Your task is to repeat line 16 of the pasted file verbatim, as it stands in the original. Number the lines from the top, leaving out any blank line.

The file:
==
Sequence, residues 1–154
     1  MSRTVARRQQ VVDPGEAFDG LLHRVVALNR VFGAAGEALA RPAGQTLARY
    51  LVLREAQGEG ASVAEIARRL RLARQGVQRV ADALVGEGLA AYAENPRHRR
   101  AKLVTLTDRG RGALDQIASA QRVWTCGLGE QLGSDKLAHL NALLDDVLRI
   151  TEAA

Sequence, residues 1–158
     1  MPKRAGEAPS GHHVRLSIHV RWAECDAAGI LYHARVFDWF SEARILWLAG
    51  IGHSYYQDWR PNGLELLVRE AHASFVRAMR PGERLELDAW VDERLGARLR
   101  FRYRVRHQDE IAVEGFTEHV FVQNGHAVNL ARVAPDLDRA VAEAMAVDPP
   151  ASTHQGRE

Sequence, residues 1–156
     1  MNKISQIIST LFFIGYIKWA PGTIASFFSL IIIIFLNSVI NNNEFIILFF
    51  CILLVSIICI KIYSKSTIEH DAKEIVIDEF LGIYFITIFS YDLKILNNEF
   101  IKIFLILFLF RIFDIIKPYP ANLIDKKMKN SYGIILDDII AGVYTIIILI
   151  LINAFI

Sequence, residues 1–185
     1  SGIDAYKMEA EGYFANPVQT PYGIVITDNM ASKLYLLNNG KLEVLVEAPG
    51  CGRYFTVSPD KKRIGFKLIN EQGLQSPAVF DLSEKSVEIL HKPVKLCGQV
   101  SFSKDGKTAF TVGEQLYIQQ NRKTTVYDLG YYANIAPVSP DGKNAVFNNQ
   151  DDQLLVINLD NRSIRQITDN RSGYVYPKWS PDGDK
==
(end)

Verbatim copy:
Sequence, residues 1–185